Paper Mill: The State Theater of NJ
Millburn, NJ - June 2003
Review by John Kenrick
Twenty five years after Ain't Misbehavin' took Broadway by storm, Paper Mill has mounted a revival that proves this honey of a show is still a surefire crowd pleaser. The cast and staging are new, but the pleasures are sweetly familiar.
The premise is deceptively simple. Two men and three women perform some thirty songs associated with African American jazz legend Fats Waller. The inventive team of Richard Maltby Jr. and Murray Horowitz wove these elements together to invoke memories of Harlem in the 1920's and 30's. This was a time when black musicians who earned their living playing downtown came back uptown to unwind at smoky nightclubs and all-night "rent" parties. This atmosphere offered all sorts of theatrical possibilities, and Ain't Misbehavin' runs its gleeful way from sophisticated struts ("Spreadin' Rhythm Around") to low comedy ("Fat and Greasy") to classic ballads of lost love ("Mean to Me"). No wonder Ain't Misbehavin' won the Tony for Best Musical and ran for 1,604 performances. It came back for a limited run in 1988 as sassy and classy as ever -- the only Broadway musical ever revived by its full original cast. The material and the original staging were so solid that they had not lost any of their appeal.
Director and choreographer Ken Roberson (director of the Broadway hit Avenue Q) offers a fresh staging that serves the material well most of the time. Using the left side of the stage to give us a glimpse of backstage action proves to be an ongoing distraction, and there is no need to hit the audience over the head with such solid comic material. But a friend who has never seen Ain't Misbehavin' before said this production was the best revue he'd ever seen Roberson gets the pacing right and sees to it that the overall impact of the show comes through.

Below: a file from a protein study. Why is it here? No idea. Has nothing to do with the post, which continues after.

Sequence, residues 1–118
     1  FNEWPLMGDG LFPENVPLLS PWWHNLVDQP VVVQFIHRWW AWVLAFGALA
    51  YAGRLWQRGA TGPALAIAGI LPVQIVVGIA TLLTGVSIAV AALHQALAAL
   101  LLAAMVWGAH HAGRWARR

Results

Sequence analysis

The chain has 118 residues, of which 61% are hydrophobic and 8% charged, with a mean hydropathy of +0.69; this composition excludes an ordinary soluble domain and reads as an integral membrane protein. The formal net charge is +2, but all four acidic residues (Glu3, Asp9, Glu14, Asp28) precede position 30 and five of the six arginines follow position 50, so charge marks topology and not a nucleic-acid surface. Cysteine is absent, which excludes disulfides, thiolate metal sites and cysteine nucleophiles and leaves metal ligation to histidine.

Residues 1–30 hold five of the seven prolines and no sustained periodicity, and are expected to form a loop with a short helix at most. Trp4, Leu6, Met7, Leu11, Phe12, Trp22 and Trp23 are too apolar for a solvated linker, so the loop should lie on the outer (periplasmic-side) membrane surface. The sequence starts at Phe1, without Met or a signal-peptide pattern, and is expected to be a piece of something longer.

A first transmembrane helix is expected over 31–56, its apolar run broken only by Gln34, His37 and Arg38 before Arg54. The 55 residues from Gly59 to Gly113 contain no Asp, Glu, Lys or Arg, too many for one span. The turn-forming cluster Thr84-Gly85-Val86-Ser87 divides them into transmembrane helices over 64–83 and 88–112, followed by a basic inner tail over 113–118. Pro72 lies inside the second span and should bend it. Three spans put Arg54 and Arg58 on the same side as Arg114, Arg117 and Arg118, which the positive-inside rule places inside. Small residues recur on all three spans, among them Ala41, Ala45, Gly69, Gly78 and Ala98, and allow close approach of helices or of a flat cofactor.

Neil Patel's set starts out as a giant cathedral radio that turns around to reveal a slick art deco bandstand. Paul Tazewell's costumes are a bit understated at first, but his second act designs pack a dazzling punch assisted by some first-class lighting courtesy of Betsy Adams.
The cast drips with talent, each one relishing their solo moments. Darius De Haas is a standout, sizzling in "The Viper Drag" and dancing up a storm in "How Ya Baby." Angela Robinson offers a smoldering "Keepin' Out of Mischief Now", and NaTasha Yvette Williams has fun with "Squeeze Me." E. Faye Butler and Doug Eskew have fine voices, but comic overkill weakens their interpretation of numbers like "Honeysuckle Rose," "Cash For Your Trash" and "Your Feets Too Big." When all five join forces for "This Joint Is Jumpin'" or "Black and Blue," the magic of Ain't Misbehavin' shines through as powerfully as ever.
One major complaint There were many moments in the first act where opening night nerves or sound problems (perhaps both?) made lyrics disappear into a general blur. While the diction seemed far clearer after intermission, I urge the cast and crew to make sure that every word of these grand songs can be heard from first to last.
The true heroes of this revival are the incredible musicians in the onstage band. Led by pianist William Foster Daniel, who conducted part of the original Broadway run, these amazing men bring the golden age of jazz to rip-roaring life in every number. Their medley at the start of Act Two was a bona fide showstopper, and many on opening night lingered after the curtain call music to cheer for these glorious pros. Edward Alex and Robert Carten (reeds), Stanton Davis (trumpet), Brian Grace (drums), William May (bass) and Alfred Patterson (trombone) all deserve credit for delivering serious, soul stirring pleasure.
And that is what Ain't Misbehavin' is all about a good time served up with a solid dose of intelligence and talent. If you have never seen this show, Paper Mill's revival gives you a chance to see one of Broadway's all-time finest revues. Sure, there may be more revivals, but as Fats Waller himself so aptly put it one never knows, do one?
This limited run closed October 19, 2003